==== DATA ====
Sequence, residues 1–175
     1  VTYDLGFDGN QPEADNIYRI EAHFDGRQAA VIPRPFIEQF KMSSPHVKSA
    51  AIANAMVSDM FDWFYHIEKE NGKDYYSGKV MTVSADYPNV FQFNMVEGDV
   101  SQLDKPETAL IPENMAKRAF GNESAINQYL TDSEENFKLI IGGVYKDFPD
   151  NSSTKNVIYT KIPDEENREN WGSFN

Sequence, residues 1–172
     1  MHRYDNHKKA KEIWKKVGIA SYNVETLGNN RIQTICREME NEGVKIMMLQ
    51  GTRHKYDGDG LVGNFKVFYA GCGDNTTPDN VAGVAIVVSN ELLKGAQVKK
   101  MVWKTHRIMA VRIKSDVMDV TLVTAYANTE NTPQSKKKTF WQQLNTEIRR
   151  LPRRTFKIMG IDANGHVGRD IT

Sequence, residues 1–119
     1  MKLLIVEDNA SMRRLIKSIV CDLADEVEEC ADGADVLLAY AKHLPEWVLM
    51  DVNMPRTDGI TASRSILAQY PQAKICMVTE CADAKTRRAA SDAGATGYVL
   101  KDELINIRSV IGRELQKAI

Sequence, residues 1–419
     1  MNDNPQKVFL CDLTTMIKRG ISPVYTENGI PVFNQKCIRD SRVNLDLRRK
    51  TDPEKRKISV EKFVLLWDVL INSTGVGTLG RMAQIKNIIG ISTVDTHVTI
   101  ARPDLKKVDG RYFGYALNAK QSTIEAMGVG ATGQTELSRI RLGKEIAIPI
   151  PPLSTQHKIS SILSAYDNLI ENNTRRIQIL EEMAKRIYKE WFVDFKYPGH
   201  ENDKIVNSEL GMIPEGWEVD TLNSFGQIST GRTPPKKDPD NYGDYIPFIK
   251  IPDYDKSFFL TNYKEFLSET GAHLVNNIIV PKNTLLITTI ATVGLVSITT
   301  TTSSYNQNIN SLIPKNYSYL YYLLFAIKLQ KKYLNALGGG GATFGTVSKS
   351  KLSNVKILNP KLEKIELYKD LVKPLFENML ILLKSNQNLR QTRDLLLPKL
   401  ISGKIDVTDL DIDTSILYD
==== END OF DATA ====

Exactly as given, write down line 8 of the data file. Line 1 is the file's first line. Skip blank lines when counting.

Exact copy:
    51  GTRHKYDGDG LVGNFKVFYA GCGDNTTPDN VAGVAIVVSN ELLKGAQVKK